A trademark has the above functions, all of which are mutually interconnected. However, in particular terms, the most important function of trademarks is to distinguish the source or origin of goods or services. On the other hand, the trademark owner must continue efforts to keep “goodwill” as will naturally be established by maintaining the quality of goods or services as well as the reputation acquired through the use of trademarks.
As above-mentioned, trademark has an important function, not only for trademarks holder but also for consumers, and society at large, therefore trademark protection is also very important.
As a result of long and extensive use, a trademark can create and increase goodwill (or trust) for the business owning the said trademark in respect to the goods or services. Once goodwill has been established, the trademark owner may enjoy very important benefits; that is, once goodwill is established for a trademark, a positive image clearly remains in the memory of consumers, and the merchandise or services represented by that specific trademark, among any number of competitive options, are likely to be selected or desired again. Similarly, demand also naturally repeats and, as a result, that business’s occupied market share may be maintained so long as the good reputation of trademark is maintained.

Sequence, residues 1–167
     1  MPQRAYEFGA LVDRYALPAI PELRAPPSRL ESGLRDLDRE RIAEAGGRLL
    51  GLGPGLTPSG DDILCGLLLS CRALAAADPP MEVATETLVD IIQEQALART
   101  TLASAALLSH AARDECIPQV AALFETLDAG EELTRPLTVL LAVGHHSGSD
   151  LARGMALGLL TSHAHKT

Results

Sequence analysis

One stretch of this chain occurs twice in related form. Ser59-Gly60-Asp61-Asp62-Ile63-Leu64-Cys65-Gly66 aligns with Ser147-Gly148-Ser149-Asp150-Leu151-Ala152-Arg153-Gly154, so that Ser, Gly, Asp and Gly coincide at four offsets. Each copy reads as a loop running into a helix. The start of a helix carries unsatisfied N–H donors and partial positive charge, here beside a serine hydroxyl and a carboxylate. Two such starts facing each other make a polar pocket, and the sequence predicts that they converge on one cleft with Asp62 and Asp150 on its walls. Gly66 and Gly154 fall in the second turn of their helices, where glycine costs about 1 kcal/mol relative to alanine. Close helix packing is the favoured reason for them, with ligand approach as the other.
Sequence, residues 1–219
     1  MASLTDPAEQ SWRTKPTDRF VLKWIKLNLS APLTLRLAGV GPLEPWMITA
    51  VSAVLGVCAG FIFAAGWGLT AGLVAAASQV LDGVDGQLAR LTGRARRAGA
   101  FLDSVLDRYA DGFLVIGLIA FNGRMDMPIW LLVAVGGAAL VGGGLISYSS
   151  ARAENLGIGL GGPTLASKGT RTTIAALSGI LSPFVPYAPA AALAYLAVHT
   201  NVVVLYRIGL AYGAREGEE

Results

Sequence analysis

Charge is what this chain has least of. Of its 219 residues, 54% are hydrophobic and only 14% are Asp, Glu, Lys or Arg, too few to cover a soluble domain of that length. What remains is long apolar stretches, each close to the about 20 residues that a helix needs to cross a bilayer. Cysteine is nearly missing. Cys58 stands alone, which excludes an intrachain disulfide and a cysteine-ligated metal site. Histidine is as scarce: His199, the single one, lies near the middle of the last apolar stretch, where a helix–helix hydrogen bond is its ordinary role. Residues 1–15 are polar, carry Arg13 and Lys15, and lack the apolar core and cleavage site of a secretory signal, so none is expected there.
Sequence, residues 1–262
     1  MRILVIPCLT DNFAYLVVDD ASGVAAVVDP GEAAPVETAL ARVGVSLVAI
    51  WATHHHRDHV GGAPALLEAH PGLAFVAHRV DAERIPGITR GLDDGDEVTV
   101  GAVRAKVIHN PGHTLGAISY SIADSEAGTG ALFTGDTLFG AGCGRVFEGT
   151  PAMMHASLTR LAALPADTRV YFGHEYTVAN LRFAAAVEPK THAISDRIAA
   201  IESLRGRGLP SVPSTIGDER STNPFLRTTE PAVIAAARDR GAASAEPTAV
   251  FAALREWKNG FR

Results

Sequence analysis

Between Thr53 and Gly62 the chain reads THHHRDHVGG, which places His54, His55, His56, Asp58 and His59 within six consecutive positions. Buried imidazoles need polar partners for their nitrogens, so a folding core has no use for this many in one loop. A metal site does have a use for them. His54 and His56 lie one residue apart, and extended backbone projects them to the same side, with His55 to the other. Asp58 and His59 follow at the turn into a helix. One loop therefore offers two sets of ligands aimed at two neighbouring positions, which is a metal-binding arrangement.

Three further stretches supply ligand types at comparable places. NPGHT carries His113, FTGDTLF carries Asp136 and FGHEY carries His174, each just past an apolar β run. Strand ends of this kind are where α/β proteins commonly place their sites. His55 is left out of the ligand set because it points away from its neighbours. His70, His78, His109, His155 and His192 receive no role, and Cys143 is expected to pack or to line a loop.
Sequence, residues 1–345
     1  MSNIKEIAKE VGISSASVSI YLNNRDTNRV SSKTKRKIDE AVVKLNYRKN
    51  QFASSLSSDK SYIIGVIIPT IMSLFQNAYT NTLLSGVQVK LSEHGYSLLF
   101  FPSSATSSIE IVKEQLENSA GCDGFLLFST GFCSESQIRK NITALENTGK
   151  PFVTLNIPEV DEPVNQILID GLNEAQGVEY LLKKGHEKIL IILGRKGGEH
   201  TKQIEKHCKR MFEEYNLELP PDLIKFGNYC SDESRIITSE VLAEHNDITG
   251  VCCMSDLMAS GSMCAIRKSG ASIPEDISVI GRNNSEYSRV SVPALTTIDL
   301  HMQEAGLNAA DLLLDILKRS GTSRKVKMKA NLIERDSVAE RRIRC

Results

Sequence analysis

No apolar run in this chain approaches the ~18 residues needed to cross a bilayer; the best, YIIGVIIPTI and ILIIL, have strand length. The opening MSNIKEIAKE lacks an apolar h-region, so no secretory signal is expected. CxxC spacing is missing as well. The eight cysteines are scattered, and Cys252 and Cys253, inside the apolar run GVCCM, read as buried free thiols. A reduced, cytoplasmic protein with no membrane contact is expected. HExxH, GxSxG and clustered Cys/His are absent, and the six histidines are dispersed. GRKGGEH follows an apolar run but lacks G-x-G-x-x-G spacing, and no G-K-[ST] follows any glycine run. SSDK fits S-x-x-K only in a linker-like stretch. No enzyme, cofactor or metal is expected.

On the other hand, it also holds true that one may expect the occurrence of unfair trade activities (such as infringement or unfair competition) by unauthorized parties wishing to profit unjustifiably through utilization of the good reputation or goodwill already established by a trademark owner.
Accordingly, in order to keep the adequate functioning of trademarks and to properly protect the goodwill created through their continuous use effective protective legislation is necessary.
trademark protection is also necessary for customers who purchase products or services bearing protected trademarks. Once a trademark is protected, the owners of trademark must keep their eyes on the quality of their products or services in connection with that trademark and customers can believe in their choice.